In the marine bacterium, Dinoroseobacter shibae the transcription factor rhizobial iron regulator A (RirA) is involved in the adaptation to iron-limited growth conditions. In vitro iron and sulfide content determinations in combination with UV/Vis and electron paramagnetic resonance (EPR) spectroscopic analyses using anaerobically purified, recombinant RirA protein suggested a [3Fe–4S]1+ cluster as a cofactor. In vivo Mössbauer spectroscopy also corroborated the presence of a [3Fe–4S]1+ cluster in RirA. Moreover, the cluster was found to be redox stable. Three out of four highly conserved cysteine residues of RirA (Cys 91, Cys 99, Cys 105) were found essential for the [3Fe–4S]1+ cluster coordination. The dimeric structure of the RirA protein was independent of the presence of the [3Fe–4S]1+ cluster. Electro mobility shift assays demonstrated the essential role of an intact [3Fe–4S]1+ cluster for promoter binding by RirA. The DNA binding site was identified by DNase I footprinting. Mutagenesis studies in combination with DNA binding assays confirmed the promoter binding site as 3′-TTAAN10AATT-5′. This work describes a novel mechanism for the direct sensing of cellular iron levels in bacteria by an iron-responsive transcriptional regulator using the integrity of a redox-inactive [3Fe–4S]1+ cluster, and further contributes to the general understanding of iron regulation in marine bacteria.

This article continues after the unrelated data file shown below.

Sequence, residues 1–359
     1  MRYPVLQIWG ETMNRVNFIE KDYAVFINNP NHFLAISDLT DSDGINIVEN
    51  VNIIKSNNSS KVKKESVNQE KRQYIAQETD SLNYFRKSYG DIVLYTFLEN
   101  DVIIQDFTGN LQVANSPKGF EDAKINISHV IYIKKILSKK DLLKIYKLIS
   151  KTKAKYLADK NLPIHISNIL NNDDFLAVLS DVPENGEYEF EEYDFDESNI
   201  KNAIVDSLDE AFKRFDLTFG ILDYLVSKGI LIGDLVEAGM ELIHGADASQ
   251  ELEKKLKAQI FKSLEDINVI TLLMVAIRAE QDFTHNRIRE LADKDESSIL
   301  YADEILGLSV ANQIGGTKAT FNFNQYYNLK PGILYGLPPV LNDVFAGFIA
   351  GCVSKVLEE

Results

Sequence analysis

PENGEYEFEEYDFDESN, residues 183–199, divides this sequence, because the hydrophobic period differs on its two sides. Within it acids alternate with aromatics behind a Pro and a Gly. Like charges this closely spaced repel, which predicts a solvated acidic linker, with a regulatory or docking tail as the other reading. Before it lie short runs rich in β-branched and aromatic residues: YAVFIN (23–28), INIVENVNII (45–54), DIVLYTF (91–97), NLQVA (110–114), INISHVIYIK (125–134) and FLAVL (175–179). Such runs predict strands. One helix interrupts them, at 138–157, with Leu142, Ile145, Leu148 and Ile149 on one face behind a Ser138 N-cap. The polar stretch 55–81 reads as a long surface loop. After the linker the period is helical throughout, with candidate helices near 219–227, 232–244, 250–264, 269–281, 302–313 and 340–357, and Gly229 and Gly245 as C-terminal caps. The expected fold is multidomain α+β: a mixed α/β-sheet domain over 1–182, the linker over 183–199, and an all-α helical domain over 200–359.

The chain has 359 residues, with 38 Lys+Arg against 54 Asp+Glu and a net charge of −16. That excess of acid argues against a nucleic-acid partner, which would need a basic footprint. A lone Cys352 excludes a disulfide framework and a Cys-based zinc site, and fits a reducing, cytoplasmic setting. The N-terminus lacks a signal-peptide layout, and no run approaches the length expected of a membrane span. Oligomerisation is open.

RirA of Dinoroseobacter shibae senses iron via a [3Fe–4S]1+ cluster co-ordinated by three cysteine residues
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Maren Behringer, Lisa Plötzky, Dirk Baabe, Marc-Kevin Zaretzke, Peter Schweyen, Martin Bröring, Dieter Jahn, Elisabeth Härtig; RirA of Dinoroseobacter shibae senses iron via a [3Fe–4S]1+ cluster co-ordinated by three cysteine residues. Biochem J 17 January 2020; 477 (1): 191–212. doi: https://doi.org/10.1042/BCJ20180734
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